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Say Hello to a New Way of Watching: 15 Cable TV Alternatives That Promise Pure Delight

  • Post author:Bob Haegele
  • Post last modified:December 26, 2023
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Note: PlayStation Vue has been discontinued as of January 30th, 2020. As such, it has been omitted from this list.

In the late 20th century, cable TV was all the range. But things have changed dramatically, and these days, people are looking for the best cable TV alternatives.

Why? Because cable TV can be expensive and can force you to pay for a huge amount of bloat in which you have no interest whatsoever. When was the last time you watched public access TV?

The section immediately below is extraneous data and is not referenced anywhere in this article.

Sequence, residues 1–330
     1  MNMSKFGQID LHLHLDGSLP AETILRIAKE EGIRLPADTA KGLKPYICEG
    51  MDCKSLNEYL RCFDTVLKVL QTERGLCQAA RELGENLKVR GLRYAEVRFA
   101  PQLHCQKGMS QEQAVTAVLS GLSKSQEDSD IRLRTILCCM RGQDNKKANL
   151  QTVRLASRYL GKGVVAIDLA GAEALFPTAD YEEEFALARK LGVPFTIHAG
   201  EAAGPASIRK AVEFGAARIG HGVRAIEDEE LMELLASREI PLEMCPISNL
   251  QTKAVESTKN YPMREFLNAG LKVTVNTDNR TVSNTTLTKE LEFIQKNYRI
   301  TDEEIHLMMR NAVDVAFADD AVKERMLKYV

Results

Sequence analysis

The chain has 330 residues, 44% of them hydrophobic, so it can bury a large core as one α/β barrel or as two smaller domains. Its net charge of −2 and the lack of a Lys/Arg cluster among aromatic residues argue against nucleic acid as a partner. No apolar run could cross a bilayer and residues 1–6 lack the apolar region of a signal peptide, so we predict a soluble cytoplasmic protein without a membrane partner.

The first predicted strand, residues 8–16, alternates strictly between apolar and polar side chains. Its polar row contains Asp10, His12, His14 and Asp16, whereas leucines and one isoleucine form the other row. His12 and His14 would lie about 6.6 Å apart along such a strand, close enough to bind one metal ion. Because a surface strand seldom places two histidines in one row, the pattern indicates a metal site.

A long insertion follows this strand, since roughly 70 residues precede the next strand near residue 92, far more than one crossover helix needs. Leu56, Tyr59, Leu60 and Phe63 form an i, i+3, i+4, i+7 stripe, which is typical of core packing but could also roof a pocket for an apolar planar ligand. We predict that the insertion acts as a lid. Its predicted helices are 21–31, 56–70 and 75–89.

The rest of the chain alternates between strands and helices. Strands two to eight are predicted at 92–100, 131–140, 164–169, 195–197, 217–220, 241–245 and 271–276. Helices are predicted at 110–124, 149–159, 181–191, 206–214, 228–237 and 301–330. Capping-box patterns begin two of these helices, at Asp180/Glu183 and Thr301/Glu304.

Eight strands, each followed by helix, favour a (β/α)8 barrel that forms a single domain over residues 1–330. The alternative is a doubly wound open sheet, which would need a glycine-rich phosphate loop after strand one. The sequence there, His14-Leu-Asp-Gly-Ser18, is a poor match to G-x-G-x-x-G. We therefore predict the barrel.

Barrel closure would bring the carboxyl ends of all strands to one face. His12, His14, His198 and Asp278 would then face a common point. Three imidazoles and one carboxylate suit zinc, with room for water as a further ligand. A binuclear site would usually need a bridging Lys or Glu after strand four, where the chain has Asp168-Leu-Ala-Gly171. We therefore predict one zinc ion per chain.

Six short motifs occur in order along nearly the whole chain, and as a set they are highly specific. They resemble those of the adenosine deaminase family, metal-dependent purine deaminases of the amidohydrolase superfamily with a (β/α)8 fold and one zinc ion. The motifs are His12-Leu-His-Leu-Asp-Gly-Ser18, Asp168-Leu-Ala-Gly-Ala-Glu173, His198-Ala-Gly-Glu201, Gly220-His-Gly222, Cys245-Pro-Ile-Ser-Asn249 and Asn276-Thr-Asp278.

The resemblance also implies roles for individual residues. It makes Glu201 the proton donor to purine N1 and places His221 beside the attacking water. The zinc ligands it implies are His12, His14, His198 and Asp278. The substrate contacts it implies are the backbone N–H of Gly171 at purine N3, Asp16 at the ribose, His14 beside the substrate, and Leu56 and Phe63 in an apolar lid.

Times are also tough for many people these days. With so many people struggling just to make ends meet, they look to cut expenses to an absolute minimum.

Plus, with streaming services offer consumers more choice than ever.

Thus, it doesn’t necessarily make sense to pay for a package that has a whole channel dedicated to the weather, or home shopping, or whatever.

Maybe you watch those channels – if so, just swap in whichever channels you never watch. In any case, these days it makes little sense to keep paying for a service when you only use a fraction of it.

If your phone provider had packages for, say, 2 GB, 5 GB, and 10 GB of data, would you pay for 10 GB if you only use 1 GB per month? Of course not! You would call and have them downgrade you to 2 GB or maybe 5.

And that’s what this post is all about: finding a setup that works better for you rather than a one-size-fits-all solution that, frankly, doesn’t fit you well at all.

Streaming Services

This section of the list will cover services you can use to watch your favorite TV shows without a cable subscription. Most have a monthly fee (with one exception).